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Here Comes Everybody
Cover of Here Comes Everybody
Here Comes Everybody
The Power of Organizing Without Organizations
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An extraordinary exploration of how technology can empower social and political organizers
For the first time in history, the tools for cooperating on a global scale are not solely in the hands of governments or institutions. The spread of the internet and mobile phones are changing how people come together and get things done—and sparking a revolution that, as Clay Shirky shows, is changing what we do, how we do it, and even who we are. Here, we encounter a whoman who loses her phone and recruits an army of volunteers to get it back from the person who stole it. A dissatisfied airline passenger who spawns a national movement by taking her case to the web. And a handful of kids in Belarus who create a political protest that the state is powerless to stop. Here Comes Everybody is a revelatory examination of how the wildfirelike spread of new forms of social interaction enabled by technology is changing the way humans form groups and exist within them. A revolution in social organization has commenced, and Clay Shirky is its brilliant chronicler.
"Drawing from anthropology, economic theory and keen observation, [Shirky] makes a strong case that new communication tools are making once-impossible forms of group action possible . . . [an] extraordinarily perceptive new book." -Minneapolis Star Tribune
"Mr. Shirky writes cleanly and convincingly about the intersection of technological innovation and social change." -New York Observer
An extraordinary exploration of how technology can empower social and political organizers
For the first time in history, the tools for cooperating on a global scale are not solely in the hands of governments or institutions. The spread of the internet and mobile phones are changing how people come together and get things done—and sparking a revolution that, as Clay Shirky shows, is changing what we do, how we do it, and even who we are. Here, we encounter a whoman who loses her phone and recruits an army of volunteers to get it back from the person who stole it. A dissatisfied airline passenger who spawns a national movement by taking her case to the web. And a handful of kids in Belarus who create a political protest that the state is powerless to stop. Here Comes Everybody is a revelatory examination of how the wildfirelike spread of new forms of social interaction enabled by technology is changing the way humans form groups and exist within them. A revolution in social organization has commenced, and Clay Shirky is its brilliant chronicler.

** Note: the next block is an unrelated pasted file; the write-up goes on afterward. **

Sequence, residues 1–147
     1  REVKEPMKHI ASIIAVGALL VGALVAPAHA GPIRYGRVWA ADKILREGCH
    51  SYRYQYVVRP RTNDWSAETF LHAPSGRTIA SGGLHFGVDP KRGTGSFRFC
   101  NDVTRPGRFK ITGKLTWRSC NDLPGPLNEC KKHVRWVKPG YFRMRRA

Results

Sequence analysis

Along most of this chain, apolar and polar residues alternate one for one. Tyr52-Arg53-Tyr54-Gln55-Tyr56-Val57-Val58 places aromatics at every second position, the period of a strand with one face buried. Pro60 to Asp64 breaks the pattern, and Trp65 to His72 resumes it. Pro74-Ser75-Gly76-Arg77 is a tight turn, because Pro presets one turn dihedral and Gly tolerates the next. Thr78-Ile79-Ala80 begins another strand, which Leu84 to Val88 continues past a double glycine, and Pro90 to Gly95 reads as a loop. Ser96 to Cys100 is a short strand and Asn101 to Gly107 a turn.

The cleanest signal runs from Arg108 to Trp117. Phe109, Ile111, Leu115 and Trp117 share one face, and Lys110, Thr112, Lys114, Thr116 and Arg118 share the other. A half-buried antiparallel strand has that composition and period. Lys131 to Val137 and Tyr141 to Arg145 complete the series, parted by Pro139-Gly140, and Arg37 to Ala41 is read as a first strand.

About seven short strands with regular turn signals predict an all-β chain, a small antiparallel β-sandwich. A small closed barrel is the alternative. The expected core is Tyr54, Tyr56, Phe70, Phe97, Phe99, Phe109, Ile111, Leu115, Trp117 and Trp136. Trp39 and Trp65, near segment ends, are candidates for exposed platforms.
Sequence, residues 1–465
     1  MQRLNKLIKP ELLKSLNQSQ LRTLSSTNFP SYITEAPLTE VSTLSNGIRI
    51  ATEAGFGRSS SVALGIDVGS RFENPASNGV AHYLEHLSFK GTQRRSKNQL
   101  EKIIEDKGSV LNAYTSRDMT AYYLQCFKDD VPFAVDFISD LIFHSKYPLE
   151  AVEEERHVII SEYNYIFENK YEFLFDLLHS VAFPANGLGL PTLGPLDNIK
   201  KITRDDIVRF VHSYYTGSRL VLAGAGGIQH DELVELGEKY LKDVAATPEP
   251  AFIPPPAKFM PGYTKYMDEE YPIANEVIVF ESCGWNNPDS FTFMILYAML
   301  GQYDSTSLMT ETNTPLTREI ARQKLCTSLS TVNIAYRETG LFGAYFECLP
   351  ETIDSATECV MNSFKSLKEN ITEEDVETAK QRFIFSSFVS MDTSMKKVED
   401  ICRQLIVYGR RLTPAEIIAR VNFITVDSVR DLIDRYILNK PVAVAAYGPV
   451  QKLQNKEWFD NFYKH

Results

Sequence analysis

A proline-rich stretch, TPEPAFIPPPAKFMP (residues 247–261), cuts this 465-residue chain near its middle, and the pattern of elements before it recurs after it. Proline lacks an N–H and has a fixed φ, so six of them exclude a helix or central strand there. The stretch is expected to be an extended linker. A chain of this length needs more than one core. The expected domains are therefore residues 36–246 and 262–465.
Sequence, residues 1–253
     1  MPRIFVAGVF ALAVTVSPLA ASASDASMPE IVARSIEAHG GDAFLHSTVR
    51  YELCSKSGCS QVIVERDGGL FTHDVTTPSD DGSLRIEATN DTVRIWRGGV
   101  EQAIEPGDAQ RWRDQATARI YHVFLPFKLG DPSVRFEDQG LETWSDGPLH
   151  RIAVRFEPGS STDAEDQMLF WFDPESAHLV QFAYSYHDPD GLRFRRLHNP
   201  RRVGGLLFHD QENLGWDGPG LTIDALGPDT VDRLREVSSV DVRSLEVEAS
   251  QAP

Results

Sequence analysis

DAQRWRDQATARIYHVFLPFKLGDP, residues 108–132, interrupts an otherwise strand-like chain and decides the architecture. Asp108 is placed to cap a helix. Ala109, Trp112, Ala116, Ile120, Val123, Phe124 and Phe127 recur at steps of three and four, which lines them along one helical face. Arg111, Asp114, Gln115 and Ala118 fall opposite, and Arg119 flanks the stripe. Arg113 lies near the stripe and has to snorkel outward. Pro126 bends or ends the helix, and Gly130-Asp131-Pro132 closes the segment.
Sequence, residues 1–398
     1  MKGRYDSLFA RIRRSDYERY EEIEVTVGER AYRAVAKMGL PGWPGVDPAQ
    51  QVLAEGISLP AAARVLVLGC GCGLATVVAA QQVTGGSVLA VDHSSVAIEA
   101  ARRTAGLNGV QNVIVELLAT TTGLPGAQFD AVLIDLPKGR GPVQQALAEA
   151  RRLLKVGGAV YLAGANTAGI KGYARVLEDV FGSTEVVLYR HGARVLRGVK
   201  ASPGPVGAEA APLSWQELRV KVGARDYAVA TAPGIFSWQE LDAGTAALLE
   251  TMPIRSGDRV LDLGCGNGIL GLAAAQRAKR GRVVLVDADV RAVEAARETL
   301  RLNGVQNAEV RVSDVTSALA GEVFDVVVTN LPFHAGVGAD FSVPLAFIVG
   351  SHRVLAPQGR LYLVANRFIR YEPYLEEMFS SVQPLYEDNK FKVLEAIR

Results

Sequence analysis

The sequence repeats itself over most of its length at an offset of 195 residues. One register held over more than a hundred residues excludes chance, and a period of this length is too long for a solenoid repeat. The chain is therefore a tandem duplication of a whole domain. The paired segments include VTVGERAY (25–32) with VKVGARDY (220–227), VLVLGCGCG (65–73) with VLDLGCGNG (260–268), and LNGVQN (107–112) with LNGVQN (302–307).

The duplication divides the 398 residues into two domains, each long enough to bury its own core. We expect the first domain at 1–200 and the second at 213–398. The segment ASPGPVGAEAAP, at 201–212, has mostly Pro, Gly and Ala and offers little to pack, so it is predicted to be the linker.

"Drawing from anthropology, economic theory and keen observation, [Shirky] makes a strong case that new communication tools are making once-impossible forms of group action possible . . . [an] extraordinarily perceptive new book." -Minneapolis Star Tribune
"Mr. Shirky writes cleanly and convincingly about the intersection of technological innovation and social change." -New York Observer
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  • From the book New Leverage for Old Behaviors

    Human beings are social creatures—not occasionally or by accident but always. Sociability is one of our lives as both cause and effect. Society is not just the product of its individual members; it is also the product of its constituent groups. The aggregate relations among individuals and groups, among individuals within groups, and among groups forms a network of astonishing complexity. We have always relied on group effort for survival; even before the invention of agriculture, hunting and gathering required coordinate work and division of labor. You can see an echo of our talent for sociability in the language we have for groups; like a real-world version of the mythical seventeen Eskimo words for snow, we use incredibly rich language in describing human association. We can make refined distinctions between a corporation and a congregation, a clique and a club, a crowd and a cabal. We readily understand the difference between transitive labels like "my wife's friend's son" and "my son's friend's wife, " and this relational subtlety permeates our lives. Our social nature even shows up in a negation. One of the most severe punishments that can be meted out to a prisoner is solitary confinement; even in a social environment as harsh and attenuated as prison, complete removal from human contract is harsher still.

    Our social life is literally primal, in the sense that chimpanzees and gorillas, our closest relatives among the primates, are also social. (Indeed, among people who design software for group use, human social instincts are sometimes jokingly referred to as the monkey mind.) But humans go further than any of our primate cousins: our groups are larger, more complex, more ordered, and longer lived, and critically, they extend beyond family ties to include categories like friends, neighbors, colleagues, and sometimes even strangers. Our social abilities are also accompanied by high individual intelligence. Even cults, the high-water mark of surrender of individuality to a group, can't hold a candle to a beehive in terms of absolute social integration; this makes us different from creatures whose sociability is more enveloping than ours.